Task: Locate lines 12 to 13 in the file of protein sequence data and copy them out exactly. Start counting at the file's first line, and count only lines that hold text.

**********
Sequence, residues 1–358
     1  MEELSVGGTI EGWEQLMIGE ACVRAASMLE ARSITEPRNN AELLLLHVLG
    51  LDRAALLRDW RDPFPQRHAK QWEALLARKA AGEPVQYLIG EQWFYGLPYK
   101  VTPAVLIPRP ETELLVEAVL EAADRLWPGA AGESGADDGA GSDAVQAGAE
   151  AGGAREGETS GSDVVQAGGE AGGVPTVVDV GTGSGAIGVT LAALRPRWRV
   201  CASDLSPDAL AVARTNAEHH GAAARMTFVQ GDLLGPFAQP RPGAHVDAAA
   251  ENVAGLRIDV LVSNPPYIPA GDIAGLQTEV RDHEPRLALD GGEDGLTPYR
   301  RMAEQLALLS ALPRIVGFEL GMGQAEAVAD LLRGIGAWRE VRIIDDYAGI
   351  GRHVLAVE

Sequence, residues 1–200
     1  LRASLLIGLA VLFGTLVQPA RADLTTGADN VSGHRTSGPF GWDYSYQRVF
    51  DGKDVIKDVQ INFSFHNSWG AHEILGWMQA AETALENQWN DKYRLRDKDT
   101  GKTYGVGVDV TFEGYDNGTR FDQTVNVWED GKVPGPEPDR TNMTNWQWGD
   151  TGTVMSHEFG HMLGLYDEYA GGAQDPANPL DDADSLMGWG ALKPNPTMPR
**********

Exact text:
    51  DGKDVIKDVQ INFSFHNSWG AHEILGWMQA AETALENQWN DKYRLRDKDT
   101  GKTYGVGVDV TFEGYDNGTR FDQTVNVWED GKVPGPEPDR TNMTNWQWGD